Los Angeles’ industrial market cooled down in the latter half of 2018 due to limited available space and nervousness about the cycle coming to an end, according to a new report.
The plateauing concluded a year in which investors preyed on the L.A. market, making it one of the strongest and most active in the country, commercial real estate firm CBRE said in a report.
Proximity to numerous airports and ports helped make Los Angeles a top target for retailers with online platforms. The increased demand pushed leasing and purchasing prices to record highs, and 2018 ended with the 17th consecutive quarter of sub-2 percent vacancy rates.
Due to increased competition, land prices jumped 25 percent year over year. The average asking lease rate jumped 7.5 percent year over year, and available space dwindled, causing some companies to relocate to adjacent markets.
Despite an intense scramble for available sites, developers delivered more than 5.5 million square feet of newly completed industrial space to the market in 2018, mostly in the San Gabriel Valley and South Bay submarkets.
Vacancy rates closed at 1.4 percent, slightly higher than at the start of 2018. CBRE said untimely move-outs played a significant role, softening occupancy gains in the second half of the year.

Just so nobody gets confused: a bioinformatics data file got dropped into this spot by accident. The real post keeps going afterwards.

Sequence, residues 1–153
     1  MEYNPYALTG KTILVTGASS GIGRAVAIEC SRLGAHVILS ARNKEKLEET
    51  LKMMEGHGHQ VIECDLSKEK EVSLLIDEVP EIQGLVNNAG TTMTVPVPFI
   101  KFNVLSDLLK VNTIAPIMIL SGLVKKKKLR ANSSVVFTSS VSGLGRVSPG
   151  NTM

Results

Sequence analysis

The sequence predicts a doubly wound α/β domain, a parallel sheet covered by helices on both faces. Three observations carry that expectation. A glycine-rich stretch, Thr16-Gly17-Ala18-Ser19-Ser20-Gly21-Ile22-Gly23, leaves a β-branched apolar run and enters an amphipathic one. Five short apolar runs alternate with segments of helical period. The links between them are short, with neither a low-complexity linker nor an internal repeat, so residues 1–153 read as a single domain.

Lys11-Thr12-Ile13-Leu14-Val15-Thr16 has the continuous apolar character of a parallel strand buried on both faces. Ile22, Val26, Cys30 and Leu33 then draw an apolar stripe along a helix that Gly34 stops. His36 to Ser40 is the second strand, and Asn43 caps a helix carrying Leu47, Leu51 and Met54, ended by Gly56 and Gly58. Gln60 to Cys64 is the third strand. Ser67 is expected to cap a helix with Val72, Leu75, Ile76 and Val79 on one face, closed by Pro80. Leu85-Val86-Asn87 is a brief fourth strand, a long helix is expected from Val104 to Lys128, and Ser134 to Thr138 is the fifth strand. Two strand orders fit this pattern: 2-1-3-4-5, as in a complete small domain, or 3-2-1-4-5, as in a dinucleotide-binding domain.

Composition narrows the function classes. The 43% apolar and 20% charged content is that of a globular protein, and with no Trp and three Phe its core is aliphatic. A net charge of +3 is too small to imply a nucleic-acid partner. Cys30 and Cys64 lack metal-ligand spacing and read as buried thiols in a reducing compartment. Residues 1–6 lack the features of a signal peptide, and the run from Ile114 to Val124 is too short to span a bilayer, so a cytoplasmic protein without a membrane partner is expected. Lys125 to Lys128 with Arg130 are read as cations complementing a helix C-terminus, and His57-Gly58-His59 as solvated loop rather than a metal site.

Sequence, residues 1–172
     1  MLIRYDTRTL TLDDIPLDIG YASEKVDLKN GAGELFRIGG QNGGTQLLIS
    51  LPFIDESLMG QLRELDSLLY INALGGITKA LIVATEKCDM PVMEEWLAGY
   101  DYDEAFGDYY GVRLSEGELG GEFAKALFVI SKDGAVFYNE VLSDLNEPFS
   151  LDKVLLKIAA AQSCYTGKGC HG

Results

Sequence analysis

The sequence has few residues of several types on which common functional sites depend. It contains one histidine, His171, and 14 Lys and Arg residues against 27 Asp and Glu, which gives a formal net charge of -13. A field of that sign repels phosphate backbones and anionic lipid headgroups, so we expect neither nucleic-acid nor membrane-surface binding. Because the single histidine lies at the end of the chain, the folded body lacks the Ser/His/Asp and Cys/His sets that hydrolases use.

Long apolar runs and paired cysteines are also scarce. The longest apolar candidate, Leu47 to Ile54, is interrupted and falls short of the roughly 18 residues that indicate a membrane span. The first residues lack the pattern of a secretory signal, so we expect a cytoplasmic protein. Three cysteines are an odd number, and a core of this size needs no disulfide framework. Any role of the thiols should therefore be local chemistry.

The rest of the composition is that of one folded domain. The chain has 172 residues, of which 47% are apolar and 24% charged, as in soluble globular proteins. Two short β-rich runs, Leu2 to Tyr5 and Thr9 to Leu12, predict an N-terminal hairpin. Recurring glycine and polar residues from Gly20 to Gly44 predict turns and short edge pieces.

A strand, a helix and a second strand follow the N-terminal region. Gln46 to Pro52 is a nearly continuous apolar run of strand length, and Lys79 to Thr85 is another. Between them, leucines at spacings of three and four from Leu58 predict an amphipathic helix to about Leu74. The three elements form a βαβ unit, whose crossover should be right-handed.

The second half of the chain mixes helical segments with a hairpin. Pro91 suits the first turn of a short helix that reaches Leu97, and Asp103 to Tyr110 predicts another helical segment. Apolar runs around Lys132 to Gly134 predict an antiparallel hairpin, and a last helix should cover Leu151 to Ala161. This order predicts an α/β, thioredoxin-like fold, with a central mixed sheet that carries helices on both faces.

The inability of landlords and users to agree to terms resulted in spaces staying on the market slightly longer than expected. Most tenants wanted shorter leases, while landlords wanted longer lease terms to achieve higher rents.
Even with lower activity levels than in years past, buildings were heavily utilized with minimal downtime between tenants compared to other sectors.
CBRE’s analysts predicted that available space will flatten somewhat over the next two years, and that rental rates will increase an additional 4.5 percent in 2019.
The firm projects that more than 3.7 million square feet of new construction will be completed, and that occupancy gains will be steady this year, driven by port activity and online shopping.
In another recent survey, more than 90 percent of investors said they were optimistic that industrial activity would remain steady or increase over the next year.
Already in the mix this month, Bridge Development paid Atlas Capital Group $68 million for a warehouse with 286,000 square feet of rentable flex space near Downtown Los Angeles. In the San Gabriel Valley submarket, UBS Realty bought a 16-acre industrial site for $32 million.